Pontypool Changes Everything

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Pontypool should have just went with zombies. As the reasoning behind the zombie like "Conversationlists" is a bit-far flung for my suspension of disbelif. I have a feeling that it worked better in the novel Pontypool 's based on, Pontypool Changes Everything by Tony Burgess. Pontypool has some intense, well shot moments and characters that are both like-able and relatable. There are far more things I like about Pontypool then I dislike and I want to make that clear. Director Bruce McDonald crafts a solid horror film that delivers on the horror.

Pontypool starts with radio shock jock Grant Mazzy (Stephen McHattie) driving to work on a dark snowy day in the small town of Pontypool. At a red light a woman in distress appears out the dark and
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The sense of dread is palpitate as the film continues, but does peter out a bit towards the end. The main cast does outstanding work, with Georgina Reilly doing an amazing job. Stephen McHattie, who I mistake for Lance Henriksen far to often and Lisa Houle play great off each other. Though their love story-line feels incredibly shoe horned in and comes kind of out of nowhere. Which is odd as they 're married in real life. The only performance that I didn 't enjoy was Hrant Alianak, who I can 't fault as he was given some of the worst exposition to dump.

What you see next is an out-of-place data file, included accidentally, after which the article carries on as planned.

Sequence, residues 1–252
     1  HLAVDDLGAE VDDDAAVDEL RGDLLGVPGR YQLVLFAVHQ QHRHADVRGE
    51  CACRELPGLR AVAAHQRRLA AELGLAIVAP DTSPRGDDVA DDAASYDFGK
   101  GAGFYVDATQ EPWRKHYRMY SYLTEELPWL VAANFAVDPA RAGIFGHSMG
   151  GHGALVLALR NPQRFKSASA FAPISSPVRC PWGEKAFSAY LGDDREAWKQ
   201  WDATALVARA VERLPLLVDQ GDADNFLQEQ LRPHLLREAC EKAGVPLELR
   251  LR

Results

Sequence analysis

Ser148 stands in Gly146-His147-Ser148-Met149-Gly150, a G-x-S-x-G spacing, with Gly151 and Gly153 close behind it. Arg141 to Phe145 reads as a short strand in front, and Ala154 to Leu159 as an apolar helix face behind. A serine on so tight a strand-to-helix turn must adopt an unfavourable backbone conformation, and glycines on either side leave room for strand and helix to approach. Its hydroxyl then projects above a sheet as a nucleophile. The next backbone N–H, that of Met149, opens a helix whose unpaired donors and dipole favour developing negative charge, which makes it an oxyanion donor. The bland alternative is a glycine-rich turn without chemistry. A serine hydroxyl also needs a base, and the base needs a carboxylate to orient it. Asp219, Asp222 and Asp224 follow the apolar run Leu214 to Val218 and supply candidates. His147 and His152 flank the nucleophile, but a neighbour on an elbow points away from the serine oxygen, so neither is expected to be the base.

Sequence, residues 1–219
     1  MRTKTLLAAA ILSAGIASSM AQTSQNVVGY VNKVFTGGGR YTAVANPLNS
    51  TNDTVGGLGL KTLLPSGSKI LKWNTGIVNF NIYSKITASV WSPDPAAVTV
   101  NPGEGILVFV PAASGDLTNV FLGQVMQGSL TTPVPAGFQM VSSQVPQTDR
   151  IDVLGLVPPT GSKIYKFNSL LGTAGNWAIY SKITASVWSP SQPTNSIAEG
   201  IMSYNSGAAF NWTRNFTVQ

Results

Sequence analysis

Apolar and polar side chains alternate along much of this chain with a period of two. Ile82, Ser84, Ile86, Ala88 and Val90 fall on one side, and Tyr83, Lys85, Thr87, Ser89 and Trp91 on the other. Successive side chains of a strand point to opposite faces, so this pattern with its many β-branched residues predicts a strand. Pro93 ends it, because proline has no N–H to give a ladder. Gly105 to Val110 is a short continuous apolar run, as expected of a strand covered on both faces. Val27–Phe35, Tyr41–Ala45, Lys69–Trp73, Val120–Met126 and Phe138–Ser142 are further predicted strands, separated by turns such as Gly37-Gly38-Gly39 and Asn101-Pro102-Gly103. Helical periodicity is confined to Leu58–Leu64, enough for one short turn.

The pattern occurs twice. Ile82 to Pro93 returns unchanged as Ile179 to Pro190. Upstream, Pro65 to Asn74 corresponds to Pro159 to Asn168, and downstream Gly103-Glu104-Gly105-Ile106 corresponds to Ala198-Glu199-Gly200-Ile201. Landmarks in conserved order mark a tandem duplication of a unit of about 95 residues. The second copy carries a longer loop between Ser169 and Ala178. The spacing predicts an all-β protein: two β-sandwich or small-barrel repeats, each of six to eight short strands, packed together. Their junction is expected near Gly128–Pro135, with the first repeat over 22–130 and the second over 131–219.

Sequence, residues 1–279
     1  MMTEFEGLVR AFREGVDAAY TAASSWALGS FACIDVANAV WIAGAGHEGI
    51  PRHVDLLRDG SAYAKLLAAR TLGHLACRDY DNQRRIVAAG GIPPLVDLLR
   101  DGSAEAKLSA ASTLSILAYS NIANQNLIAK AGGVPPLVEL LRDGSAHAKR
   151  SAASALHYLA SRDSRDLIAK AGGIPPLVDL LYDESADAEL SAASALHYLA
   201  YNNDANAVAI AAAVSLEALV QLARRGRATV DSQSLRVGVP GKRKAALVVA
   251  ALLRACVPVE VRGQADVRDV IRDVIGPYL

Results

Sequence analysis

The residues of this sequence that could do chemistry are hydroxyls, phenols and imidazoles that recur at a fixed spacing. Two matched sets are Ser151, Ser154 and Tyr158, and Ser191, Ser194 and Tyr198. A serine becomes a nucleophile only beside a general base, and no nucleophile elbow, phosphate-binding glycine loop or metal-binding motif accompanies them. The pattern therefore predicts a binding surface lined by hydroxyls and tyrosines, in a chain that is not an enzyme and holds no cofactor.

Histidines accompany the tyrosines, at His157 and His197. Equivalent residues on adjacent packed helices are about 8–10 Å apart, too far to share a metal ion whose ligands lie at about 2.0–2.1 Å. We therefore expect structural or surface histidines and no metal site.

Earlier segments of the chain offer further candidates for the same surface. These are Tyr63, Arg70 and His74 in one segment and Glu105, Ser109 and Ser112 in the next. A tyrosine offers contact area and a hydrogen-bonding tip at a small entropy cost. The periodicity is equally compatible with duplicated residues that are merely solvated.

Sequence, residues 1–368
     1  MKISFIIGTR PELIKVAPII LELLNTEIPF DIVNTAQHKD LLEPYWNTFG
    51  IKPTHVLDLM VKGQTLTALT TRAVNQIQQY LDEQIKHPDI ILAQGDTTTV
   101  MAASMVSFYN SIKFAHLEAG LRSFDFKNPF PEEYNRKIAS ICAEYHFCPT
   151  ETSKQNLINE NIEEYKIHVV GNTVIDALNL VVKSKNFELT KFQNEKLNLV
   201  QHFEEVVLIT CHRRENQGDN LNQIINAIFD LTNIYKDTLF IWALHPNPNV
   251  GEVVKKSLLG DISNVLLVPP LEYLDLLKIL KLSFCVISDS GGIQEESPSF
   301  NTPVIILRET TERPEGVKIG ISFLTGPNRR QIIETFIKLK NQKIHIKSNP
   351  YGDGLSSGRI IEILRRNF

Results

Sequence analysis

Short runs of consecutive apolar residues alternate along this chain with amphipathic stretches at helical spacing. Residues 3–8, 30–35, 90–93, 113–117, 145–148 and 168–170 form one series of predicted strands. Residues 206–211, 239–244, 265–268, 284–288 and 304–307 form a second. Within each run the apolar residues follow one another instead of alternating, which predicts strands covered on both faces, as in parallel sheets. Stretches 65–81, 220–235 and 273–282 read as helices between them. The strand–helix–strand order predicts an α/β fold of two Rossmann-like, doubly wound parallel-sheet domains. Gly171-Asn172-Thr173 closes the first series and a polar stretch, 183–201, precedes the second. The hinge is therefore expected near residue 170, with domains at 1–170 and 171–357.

My favorite part of Pontypool is after Laurel-Ann 's infected and we get to watch her deteriorate mentally. Which takes place at the same time as Dr. Mazzy gives the worst explanation for whats happening. That words have become infected and our understanding them allows the virus to propagate. Words are infected. Words. It 's just the worst possible reasoning. Maybe it was better explained and explored in the novel. But here it feels like a hot mess.

The film is simply and at time elegantly shot. With the limitations of the story and set, Bruce McDonald did a great job. Even if his vision did come out a bit like a rehashing of a zombies, at the least it
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